Americas, Travel

Un Sabor de Buenos Aires

I do a lot of thinking about food, and not just thinking either; I do a lot of eating too. You might say that, when I am confronted with food, putting theory into practice is the work of a moment. Now that we’re in a new city, there are absorbing new tastes, eating habits and meal-preparation considerations. It is no exaggeration to say that, for the last four weeks, most of my brain has been occupied with what to put in my stomach and how. Here are some preliminary field observations*.

*Disclaimer: most of these observations are probably wrong.





 Yes, Argentina is famous for steak etc. The rumors are true. 


Cute Fruit and Vegetable Shops

These are better than supermarkets for getting fresh stuff, especially when it comes to avocados or ‘paltas’. There is one on practically every block. Not only is the merchandise cheap, it is arranged in a visually appealing style.




Inexplicable Lack of Can Openers

Argentinians apparently have some special method of getting inside of cans. The useful pull-tab is found on only a few canned products. All I could find after weeks of scouring supermarket aisles and dedicated kitchen stores was this thing.




After several minutes of experiment, I came within a whisker of unintentional seppuku and desisted. As a result we have now eight unopened cans. Conclusion: locals use their teeth or they carry sharpened daggers in their vests.


Delicious Coffee

This local brand is really good. It tastes chocolatey and will have you striding the calle pushing slow people out of the way for several hours.




No Mexican

Where are all the refried beans? For God’s sake, the only salsa I could find was made in Germany!


Italian Influences

I knew there would be pizzerias here, considering the huge wave of Italian immigration. But the northern influence is more pervasive and has even mutated in heretical ways.

For example, I thought vitello di tonno was something limited to northern Italy. Imagine my surprise at seeing huge vats of it at the supermarket around the corner. It is also sold in convenient plastic pouches, like mayonnaise. There are even signs here and there for agnolotti, the lamb-filled ravioli that I also thought was peculiar to Piedmont. It just goes to show. 




Cheeses are created along the lines of Italian counterparts but the taste is noticeably different. Fontina in Italy has a particular kind of nutty sweetness, possibly related to the cows’ diet of Alpine grasses and flowers; what is called fontina here is mild with holes in it and comparatively sour. Mozzarella (often called ‘muzzarella’ seems milkier and more formless.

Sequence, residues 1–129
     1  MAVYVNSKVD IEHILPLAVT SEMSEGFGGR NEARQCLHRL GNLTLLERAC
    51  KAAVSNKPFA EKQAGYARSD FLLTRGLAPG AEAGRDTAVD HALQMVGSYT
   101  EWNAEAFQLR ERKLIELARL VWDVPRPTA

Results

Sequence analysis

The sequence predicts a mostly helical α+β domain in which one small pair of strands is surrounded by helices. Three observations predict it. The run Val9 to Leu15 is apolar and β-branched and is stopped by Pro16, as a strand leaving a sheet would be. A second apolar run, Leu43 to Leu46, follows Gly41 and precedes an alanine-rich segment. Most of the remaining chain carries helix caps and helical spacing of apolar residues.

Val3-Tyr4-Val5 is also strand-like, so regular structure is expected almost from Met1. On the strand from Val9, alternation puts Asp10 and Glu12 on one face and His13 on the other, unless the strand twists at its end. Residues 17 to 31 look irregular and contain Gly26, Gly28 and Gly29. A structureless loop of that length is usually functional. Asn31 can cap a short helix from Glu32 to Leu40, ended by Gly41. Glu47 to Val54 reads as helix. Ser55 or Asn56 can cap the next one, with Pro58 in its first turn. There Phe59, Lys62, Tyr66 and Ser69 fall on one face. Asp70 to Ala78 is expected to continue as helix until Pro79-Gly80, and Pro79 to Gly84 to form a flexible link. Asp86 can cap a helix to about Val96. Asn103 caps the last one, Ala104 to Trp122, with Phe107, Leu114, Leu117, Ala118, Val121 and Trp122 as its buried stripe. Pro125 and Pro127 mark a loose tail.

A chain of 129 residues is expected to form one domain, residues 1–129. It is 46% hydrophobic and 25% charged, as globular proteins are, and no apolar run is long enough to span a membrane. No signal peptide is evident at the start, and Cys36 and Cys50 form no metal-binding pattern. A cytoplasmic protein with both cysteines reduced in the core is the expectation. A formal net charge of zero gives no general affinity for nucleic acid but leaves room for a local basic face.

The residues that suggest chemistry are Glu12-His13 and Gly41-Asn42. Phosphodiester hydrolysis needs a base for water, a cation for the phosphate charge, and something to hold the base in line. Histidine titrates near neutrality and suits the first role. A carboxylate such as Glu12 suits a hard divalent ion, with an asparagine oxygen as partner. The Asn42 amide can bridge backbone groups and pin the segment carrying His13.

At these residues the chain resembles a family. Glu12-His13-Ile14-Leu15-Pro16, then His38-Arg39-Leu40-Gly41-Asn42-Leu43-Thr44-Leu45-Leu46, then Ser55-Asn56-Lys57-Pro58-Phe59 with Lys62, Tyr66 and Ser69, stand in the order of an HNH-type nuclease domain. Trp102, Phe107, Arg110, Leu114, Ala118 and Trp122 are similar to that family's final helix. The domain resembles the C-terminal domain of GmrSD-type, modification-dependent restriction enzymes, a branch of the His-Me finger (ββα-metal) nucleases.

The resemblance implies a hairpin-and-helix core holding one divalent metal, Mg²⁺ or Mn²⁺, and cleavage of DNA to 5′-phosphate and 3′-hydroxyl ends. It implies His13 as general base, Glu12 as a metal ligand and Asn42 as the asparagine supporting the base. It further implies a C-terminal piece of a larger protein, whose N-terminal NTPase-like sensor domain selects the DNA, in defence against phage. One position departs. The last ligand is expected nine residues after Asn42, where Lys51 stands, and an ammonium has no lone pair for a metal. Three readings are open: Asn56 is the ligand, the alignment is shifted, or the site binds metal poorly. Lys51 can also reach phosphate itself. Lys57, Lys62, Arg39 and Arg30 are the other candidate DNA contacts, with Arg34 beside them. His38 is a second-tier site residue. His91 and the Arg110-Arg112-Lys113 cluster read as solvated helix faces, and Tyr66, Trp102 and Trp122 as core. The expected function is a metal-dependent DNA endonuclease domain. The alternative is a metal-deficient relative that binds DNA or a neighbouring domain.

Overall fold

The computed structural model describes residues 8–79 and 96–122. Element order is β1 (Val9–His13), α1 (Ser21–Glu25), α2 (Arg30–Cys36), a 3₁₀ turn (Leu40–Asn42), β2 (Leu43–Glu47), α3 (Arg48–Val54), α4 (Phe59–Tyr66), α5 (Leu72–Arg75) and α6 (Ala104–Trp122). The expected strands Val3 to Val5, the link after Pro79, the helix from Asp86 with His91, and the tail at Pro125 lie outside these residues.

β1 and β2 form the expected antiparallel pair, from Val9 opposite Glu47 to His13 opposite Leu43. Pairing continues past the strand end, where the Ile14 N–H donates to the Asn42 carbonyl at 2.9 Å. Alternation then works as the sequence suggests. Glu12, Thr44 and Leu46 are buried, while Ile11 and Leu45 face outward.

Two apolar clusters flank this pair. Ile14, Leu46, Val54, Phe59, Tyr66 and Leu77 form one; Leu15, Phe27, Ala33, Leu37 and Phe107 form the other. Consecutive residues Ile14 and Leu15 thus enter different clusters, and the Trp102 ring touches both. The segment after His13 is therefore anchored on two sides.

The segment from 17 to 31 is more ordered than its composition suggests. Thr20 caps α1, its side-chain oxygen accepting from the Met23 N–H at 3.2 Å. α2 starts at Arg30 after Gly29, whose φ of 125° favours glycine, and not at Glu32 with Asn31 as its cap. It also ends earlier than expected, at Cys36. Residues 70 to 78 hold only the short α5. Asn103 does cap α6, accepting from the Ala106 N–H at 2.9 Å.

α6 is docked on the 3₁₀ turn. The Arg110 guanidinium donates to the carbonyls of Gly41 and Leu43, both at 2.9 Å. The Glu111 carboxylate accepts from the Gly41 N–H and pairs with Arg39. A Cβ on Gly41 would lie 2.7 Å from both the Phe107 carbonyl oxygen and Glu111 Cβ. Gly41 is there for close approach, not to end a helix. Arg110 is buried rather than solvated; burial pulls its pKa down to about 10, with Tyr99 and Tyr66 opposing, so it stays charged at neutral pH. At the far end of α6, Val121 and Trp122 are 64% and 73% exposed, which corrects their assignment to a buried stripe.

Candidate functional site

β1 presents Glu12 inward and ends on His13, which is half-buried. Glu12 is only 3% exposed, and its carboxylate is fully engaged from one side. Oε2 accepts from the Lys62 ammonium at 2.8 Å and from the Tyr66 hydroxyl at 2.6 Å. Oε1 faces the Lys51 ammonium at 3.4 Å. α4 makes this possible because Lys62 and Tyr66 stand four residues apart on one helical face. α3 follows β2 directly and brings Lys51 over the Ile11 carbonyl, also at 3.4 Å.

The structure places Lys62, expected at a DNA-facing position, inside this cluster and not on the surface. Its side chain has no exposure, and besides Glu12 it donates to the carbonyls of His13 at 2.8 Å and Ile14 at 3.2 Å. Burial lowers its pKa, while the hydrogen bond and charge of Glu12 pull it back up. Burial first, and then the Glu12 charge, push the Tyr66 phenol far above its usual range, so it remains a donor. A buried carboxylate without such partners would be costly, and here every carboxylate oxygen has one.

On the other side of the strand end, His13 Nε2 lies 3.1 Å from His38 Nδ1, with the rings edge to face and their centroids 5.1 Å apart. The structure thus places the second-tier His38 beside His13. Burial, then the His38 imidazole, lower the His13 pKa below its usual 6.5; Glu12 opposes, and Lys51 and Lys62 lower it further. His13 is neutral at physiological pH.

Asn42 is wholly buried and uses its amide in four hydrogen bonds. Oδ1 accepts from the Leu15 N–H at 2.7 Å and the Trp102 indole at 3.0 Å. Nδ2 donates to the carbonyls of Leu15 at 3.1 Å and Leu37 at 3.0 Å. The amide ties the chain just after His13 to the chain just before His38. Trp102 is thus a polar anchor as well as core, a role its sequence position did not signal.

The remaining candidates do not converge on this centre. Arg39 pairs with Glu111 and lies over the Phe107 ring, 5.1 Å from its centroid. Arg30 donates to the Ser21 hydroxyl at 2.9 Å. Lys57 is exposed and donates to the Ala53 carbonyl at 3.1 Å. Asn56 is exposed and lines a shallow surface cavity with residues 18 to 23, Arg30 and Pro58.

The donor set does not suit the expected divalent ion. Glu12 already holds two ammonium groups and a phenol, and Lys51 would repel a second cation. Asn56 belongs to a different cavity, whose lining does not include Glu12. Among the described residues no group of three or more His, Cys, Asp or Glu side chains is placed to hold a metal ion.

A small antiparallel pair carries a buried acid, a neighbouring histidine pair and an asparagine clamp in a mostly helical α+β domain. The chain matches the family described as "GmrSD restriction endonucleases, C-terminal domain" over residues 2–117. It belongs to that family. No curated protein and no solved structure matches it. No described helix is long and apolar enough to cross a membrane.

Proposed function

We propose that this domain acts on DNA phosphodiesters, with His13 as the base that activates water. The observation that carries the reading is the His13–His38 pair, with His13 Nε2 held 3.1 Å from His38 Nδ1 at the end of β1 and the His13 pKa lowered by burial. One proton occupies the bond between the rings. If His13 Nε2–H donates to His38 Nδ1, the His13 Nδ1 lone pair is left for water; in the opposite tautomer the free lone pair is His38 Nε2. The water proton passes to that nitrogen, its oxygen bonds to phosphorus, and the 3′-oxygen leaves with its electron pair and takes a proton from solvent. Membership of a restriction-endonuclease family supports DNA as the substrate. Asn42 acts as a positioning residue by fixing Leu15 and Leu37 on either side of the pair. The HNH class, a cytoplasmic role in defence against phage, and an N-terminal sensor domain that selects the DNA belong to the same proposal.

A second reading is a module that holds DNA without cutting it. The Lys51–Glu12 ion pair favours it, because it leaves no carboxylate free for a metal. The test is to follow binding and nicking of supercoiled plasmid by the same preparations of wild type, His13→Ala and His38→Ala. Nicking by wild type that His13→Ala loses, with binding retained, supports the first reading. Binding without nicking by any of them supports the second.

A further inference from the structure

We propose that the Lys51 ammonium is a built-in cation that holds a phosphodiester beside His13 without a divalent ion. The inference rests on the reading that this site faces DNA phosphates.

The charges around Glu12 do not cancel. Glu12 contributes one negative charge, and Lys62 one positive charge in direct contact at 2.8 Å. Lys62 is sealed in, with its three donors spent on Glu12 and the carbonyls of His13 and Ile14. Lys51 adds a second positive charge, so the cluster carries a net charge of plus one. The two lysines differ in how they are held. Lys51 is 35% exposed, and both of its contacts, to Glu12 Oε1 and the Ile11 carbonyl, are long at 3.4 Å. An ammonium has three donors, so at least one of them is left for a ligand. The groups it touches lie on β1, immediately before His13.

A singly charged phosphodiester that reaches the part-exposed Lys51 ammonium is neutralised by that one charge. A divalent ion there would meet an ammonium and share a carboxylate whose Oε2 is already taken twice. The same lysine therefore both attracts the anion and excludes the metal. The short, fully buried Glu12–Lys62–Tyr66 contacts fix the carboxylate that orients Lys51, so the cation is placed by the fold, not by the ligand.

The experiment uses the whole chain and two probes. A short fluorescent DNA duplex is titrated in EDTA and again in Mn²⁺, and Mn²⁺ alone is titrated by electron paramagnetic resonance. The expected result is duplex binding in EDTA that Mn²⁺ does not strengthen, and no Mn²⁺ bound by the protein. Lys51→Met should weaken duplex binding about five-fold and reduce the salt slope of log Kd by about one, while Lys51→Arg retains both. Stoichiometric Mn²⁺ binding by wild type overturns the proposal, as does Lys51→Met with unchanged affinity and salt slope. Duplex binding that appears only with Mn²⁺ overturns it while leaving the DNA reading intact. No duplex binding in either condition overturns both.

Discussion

One of the most popular sandwiches here is the ‘Milanesa’, referring to a breaded chicken fillet. You can even get ‘Milanesa a la Napolitana’

Some things are called Italian without a strict adherence to facts. For example there are pasta varieties here that I never saw in La Patria, particularly a dubious bright-yellow corkscrew-cord-type thing. My favorite yoghurt is supposedly ‘Italian style’, but I doubt it The secret of its tastiness is that it’s half mascarpone, half Greek yoghurt, half sugar and has chunks of orange and pistachio in it.

Also, [WARNING: any native Italians should not read this paragraph], I had a plate of spaghetti at a restaurant that gave me an odd feeling of nostalgia. The pasta was mushy and the abundant sauce had a ketchupy flavor. I realized that it tasted just like the old New Zealand staple, Wattie’s tinned spaghetti, which is best enjoyed on buttered toast.




Icecream Good

Very creamy.




Empanadas are Just Meat Pies

Fight me.


Soy is Argentina’s Main Cash Crop

Argentina is Europe’s single largest supplier of soya-bean meal. This is something I didn’t know but find quite interesting. The economy depends on GM soy, which is problematic because a) climate change  is threatening the crops, which would make the country’s bad economic situation much worse and b) extensive deforestation of the Gran Chaco in favor of soy crops is creating environmental havoc. Interestingly, Argentina has fewer regulations than its northern neighbor Brazil, so that no one knows what per cent of soya beans are grown as a result of deforestation.




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